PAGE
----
Get ready for Part IX of our cross country road trip recap: Wyoming!
To recap, we drove 3,815 miles through 12 states, coast to coast. Our route took us through New York, Ontario in Canada, Michigan, Illinois, Wisconsin, Minnesota, South Dakota, Wyoming, Montana, Idaho, Washington, to Portland, Oregon. Check out the route:
After our extremely full day in South Dakota we arrived in Wyoming with an hour or so of daylight left.
In fact, we drove right into a lightning storm which is extra awesome when there’s nothing but sky around you.
After some last minute number crunching and finagling we decided to scrap our plans of driving north to Montana and instead drive across the entire state of Wyoming to get to Yellowstone National Park. Our original plan had us dipping into Yellowstone just briefly after an entire day in Montana. We looked at the itinerary and made the call that seeing all of Yellowstone was more important to us than the occasional cool thing in Bozeman or Billings, Montana. Road trips, however well planned in advance, do call for some flexibility. Off we went!
We set out super early the next morning. It was raining and the temperatures were really cold. Up until this point in our trip we’d been wearing short sleeves and had fabulous weather. Once we hit Wyoming the temperature dropped to about 40 degrees and it was overcast and rainy.
The drive from Sheridan, Wyoming to Yellowstone National Park was about 4 hours . About an hour into the drive we hit Bighorn National Forest. It was incredible.
We couldn’t believe we were seeing snow! At one point we pulled over and got out of the car just to breathe the freezing cold mountain air. That’s one way to feel alive at 8AM!
Every bit of this landscape was enormous and gorgeous.
When we emerged from Bighorn National Forest the clouds started to break and we drove into more incredible landscapes.
In Cody, Wyoming, about 3 hours into our drive, we came upon the Buffalo Bill Dam.
The Dam was built in 1910 and is an arch-gravity dam (like the Hoover Dam).
View from the dam of the Shoshone River reservoir:
From Cody it was another hour or so to the entrance of Yellowstone National Park. We arrived and familiarized ourselves with the map. From the East Entrance, here was our route through Yellowstone (doodle courtesy of my new iPad, blog on that coming soon!):
As we entered the East Entrance we started to see the first of many ever-changing landscapes within Yellowstone. The first half hour or so we drove through woods that has been ravaged with forest fires. It was sad, an enormous part of the park has been effected.
Shortly after coming out of the forest we arrived at Yellowstone Lake. The surroundings were pretty incredible and the coastline was dotted with hot springs.
Did I mention all of the awesomely graphic pamphlets we were given?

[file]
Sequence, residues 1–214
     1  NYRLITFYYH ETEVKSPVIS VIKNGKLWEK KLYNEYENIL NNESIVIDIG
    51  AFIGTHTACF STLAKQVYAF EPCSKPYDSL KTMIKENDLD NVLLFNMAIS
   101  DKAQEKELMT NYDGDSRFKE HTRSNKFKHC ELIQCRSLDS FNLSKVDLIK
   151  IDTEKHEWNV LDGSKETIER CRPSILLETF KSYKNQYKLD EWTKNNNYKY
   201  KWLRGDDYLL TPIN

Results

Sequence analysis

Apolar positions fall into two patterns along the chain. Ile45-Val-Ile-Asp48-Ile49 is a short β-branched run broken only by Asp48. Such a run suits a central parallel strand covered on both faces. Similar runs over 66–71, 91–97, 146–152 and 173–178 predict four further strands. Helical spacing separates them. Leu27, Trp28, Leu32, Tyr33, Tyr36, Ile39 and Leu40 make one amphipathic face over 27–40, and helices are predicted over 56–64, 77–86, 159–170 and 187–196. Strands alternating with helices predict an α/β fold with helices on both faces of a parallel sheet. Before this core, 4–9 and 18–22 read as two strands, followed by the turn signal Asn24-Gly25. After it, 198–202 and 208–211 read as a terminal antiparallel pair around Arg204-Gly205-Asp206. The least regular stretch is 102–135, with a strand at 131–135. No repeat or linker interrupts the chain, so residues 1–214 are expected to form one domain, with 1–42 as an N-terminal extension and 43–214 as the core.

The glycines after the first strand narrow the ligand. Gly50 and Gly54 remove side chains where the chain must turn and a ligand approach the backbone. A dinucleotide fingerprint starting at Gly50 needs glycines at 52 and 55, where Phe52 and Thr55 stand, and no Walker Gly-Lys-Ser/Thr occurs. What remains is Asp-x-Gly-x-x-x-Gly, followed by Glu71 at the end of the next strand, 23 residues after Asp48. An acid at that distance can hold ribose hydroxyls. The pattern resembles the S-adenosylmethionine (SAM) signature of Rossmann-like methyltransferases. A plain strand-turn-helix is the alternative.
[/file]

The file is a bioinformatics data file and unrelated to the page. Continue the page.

Finally we arrived at Old Faithful!
You’ve got to love those statisticians who have calculated a formula to tell visitors exactly when Old Faithful will erupt. It is nothing if not precise. The eruption times are posted clearly and are roughly every 15 minutes.
We had some time to kill before the next eruption so we walked around the area for a bit. There are actually a whole series of hot springs right next to Old Faithful. None erupt like it does though.
We walked back over to the viewing area and got a good spot to watch Old Faithful.
It “simmers” constantly, I wasn’t sure if we’d be able to tell when it was erupting.
Well, I was wrong! Old Faithful shoots upward into the air about 100 feet. You can’t miss it!
It was a little hard to capture the drama of it because the sky and the steam were the same color. Pictures on a clear day with a blue sky (like this one) give you a really good idea about the spectacle of Old Faithful. Still, it was pretty amazing.
We got back in the car and headed 30 minutes north to the Grand Prismatic Spring. We came upon some mysterious traffic until we realized the back up was caused by a small herd of bison/buffalo crossing the road.
At the Grand Prismatic Spring you park and walk along a wooden pathway to visit all of the prismatic springs, the Grand Prismatic being the biggest and most colorful. There were about five of them.
Because of the weather the colors of the springs were a little hard to see. When the hot water meets the cold air more steam comes off the springs which is hard to see through unless a breeze blows the steam around. I’m imagining it’s easier to see in the summer.
Still, there was a lot to see in this small, concentrated area.
As we continued through the prismatic springs the colors became more pronounced.
The vivid colors in the spring are the result of pigmented bacteria that grow around the edges of the mineral rich water. The bacteria produce colors ranging from green to red and depend on the temperature of the water. The deep blue color of the water in the center is particularly intense because of the high purity and depth of the water in the middle of the spring.
After the prismatic springs, we drove one hour due north towards Mammoth Spring. Unsurprisingly, the route did not disappoint in terms of unbelievable landscapes.
And we got to see some more wildlife too!
A little bear (which caused a ridiculous traffic back up and people getting way too close to it which freaked me out):
Another bison herd:
By the time we got to Mammoth Spring we were wiped and only stopped briefly. We had just driven 4 hours within Yellowstone so who could blame us? This is the only picture I got of the Mammoth Spring area:
The route out of Yellowstone and on to Montana had even more amazing scenery:
I could drive all day surrounded by this stuff.
Stay tuned for Part X – Montana!